Researchers from the University of Manchester have discovered that storing data using a class of molecules known as single-molecule magnets is more feasible than initially thought.

As Science Daily highlights, research led by Dr. David Mills and Dr. Nicholas Chilton from the university's school of chemistry reveals that a memory effect called magnetic hysteresis is possible in individual molecules at a temperature of -213 °C.

The temperature is close to that of liquid nitrogen at -196°C, far warmer compared to liquid helium at -269 °C. That's great, you say, but what does it all mean?

As the publication explains, molecular technologies are incredibly dense meaning they can store a wealth of information in a small amount of space. A device measuring just one square inch, for example, could hold more than 200 terabits of data (that's 25,000 gigabytes).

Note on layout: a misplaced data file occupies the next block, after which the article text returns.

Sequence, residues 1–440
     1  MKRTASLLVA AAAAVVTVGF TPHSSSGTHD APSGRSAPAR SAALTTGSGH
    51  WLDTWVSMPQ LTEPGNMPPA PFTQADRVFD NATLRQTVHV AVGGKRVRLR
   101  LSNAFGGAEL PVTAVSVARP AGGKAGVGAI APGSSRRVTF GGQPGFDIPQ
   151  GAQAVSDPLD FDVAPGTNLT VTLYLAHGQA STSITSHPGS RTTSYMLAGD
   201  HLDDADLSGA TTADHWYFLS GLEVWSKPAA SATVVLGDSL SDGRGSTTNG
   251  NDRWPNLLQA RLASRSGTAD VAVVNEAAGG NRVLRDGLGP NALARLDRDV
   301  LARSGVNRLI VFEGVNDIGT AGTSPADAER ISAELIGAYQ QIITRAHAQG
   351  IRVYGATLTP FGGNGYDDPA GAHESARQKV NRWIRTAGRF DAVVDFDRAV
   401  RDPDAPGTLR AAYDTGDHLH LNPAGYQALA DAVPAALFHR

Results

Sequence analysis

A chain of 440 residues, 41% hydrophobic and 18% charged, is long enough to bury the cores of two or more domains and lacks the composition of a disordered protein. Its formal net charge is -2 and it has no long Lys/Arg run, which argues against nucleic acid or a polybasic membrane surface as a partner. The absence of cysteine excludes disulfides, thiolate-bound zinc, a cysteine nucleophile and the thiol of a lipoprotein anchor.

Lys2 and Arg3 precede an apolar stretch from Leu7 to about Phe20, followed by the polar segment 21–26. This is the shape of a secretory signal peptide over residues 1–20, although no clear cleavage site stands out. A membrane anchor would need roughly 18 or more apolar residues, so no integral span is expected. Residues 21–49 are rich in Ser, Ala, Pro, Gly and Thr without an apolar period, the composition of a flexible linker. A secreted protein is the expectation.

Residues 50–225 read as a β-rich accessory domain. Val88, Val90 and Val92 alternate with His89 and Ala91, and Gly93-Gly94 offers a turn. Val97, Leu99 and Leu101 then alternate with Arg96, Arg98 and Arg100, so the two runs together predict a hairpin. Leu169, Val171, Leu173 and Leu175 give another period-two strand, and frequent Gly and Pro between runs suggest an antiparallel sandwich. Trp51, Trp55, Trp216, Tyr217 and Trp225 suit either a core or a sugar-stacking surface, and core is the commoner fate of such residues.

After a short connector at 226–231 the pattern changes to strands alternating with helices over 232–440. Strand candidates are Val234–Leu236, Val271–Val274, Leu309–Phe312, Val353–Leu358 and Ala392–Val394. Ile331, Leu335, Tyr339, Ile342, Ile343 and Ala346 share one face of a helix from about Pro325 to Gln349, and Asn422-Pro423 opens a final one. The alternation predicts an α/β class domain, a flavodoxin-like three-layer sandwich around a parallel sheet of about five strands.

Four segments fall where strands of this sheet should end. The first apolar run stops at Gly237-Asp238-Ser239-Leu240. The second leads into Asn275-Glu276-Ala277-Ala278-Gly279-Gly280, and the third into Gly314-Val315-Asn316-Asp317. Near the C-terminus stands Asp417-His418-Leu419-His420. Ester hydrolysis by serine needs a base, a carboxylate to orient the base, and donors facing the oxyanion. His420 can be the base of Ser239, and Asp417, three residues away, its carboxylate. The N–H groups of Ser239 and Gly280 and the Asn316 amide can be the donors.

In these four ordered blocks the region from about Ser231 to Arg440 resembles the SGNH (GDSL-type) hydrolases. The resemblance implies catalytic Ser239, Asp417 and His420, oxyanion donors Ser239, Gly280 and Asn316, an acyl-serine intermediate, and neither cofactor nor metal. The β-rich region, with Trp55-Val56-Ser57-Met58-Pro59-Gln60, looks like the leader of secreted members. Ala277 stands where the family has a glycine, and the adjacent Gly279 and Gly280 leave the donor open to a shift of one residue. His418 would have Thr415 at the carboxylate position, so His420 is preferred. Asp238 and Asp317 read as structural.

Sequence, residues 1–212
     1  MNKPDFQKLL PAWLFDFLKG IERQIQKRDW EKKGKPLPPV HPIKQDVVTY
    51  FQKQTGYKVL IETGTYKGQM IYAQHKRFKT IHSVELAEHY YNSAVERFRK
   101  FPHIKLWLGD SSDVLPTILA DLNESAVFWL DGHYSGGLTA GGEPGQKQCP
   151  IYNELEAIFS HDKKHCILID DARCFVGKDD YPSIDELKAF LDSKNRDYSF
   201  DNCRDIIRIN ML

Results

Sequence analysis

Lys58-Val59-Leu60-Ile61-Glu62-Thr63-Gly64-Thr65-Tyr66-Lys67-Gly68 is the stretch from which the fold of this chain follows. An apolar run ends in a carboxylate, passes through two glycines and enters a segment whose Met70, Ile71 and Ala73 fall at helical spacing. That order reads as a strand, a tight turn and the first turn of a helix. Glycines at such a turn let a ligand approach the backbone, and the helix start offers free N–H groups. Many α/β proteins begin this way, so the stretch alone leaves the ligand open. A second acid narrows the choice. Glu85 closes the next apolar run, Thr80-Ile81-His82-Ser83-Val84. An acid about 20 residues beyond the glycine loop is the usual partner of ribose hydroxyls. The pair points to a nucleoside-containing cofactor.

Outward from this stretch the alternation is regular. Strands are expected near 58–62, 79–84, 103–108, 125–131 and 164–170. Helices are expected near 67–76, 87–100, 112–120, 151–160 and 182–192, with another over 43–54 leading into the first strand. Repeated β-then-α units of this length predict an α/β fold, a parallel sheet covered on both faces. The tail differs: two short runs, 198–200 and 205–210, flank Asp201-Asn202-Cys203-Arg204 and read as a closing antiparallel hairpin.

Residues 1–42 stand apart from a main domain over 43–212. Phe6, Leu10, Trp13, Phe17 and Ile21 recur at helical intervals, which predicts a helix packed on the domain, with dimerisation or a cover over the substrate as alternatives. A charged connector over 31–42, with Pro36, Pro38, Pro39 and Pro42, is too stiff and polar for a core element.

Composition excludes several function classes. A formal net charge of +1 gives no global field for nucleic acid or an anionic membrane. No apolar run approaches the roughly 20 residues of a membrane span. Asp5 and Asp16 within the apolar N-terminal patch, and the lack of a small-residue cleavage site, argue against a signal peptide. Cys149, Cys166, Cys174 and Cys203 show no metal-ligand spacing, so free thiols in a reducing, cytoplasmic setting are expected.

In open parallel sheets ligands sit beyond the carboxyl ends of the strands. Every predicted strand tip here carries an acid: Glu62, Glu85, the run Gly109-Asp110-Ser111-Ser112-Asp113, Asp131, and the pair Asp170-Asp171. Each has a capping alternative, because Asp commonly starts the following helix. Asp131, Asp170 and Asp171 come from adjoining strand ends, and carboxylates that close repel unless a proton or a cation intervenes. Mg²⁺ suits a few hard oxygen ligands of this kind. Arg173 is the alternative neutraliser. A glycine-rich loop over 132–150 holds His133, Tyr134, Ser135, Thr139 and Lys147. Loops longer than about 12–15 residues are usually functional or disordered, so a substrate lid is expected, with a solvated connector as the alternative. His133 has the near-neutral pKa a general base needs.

Dr. Chilton said the use of single molecules for data storage could theoretically give 100 times higher data density than current technologies.

Higher operating temperatures are key here as liquid nitrogen, for example, is far more affordable than liquid helium. Due to the temperature difference, it would be far more viable from an economic point of view to run data centers that don't have to be chilled as heavily.

While a significant breakthrough, there's still far more research that needs to be done. Dr. Chilton said understanding in detail why this new molecule has such extraordinary magnetic properties is their current goal as it will allow them to target new molecules with even better performance.